When did it happen? Was I looking the other way? How is it that the tattoo – the sailor's creative choice for venting – become an acceptable form of all-over bling for even a soccer mom?

Not open minded you say? True, my children may refer to me as the Bureau of Humiliation and Embarrassment, but I suspect that I am not alone in my opinion even as a somewhat typical generation Xer, that is, one who is concerned with blue jean back pocket design.

To be honest, if I think hard about famous tattoo-bearers out there I come up with the following: Britney Spears, Charles Manson, Popeye. And, unfortunately, these personalities correspond to the adjectives showy, possessed, goofy.

My children – except for the female adolescent – currently think that tattoos are gross. I chalk this up to their primal recognition of what is truly beautiful (good) and ugly (kind of evil). So, for example, the roses in my front yard are "pretty" but the squirrel carcass under it is "ugly". A sparkly necklace is pretty; your garden variety tattoo is ugly.

Somewhere along the timeline of aesthetic development, this all changes. Indeed, university art departments thrive on this. (That lump of clay may not actually hold liquid, but it sure makes a nice deconstruction of the patriarchical device of oppression known as the water pitcher.) This shift in sensitivities may be the result of watching too many Simpson's episodes or spending too much quality time with a nasty looking crop of Cabbage Patch dolls, but many of us know that by adolescence, the simple demarcation of ugly and pretty may blur like fine print to aged eyes.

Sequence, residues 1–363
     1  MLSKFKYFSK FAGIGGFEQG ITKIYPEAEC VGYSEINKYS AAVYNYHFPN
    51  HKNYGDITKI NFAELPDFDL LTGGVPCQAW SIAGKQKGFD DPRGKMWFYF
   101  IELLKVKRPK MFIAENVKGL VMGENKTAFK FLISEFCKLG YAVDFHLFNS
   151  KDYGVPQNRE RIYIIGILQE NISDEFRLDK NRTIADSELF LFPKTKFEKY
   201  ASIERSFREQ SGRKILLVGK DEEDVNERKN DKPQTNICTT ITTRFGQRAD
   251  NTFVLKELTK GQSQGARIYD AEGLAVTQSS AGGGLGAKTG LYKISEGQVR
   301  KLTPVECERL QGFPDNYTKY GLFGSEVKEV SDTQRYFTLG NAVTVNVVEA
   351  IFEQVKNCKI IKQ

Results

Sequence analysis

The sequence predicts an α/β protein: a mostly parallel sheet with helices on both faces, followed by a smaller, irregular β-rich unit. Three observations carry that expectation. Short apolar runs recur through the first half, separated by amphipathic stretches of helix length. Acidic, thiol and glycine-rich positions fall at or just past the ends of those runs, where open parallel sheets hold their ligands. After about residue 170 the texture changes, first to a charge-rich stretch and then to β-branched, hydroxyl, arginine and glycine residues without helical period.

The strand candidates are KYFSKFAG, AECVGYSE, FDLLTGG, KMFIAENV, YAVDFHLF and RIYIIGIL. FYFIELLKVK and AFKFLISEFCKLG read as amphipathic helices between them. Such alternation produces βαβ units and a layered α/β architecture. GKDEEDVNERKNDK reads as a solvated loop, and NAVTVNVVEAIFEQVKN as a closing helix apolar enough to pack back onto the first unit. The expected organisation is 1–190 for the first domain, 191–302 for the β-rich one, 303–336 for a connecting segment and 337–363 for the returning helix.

Since a good percentage of my waking day is now dedicated to scoping the bowels – er, tunnels…no, pathways of adolescent tastes, I engage in tattoo conversation on a pretty regular basis. For example, my daughter might say:

"So you think that tattoos are mutilating the body?"

Okay, I'm not going to fall for the old "mutilating the body" trap. But out comes: "Of course!"

"Well then," she adds, "so is ear piercing, kidney removal, and bunion surgery…"

Yup, I saw that one coming. "No that's different," I protest.

"How?" she taunts.

"Charles Manson has one," I answer.

"Who?"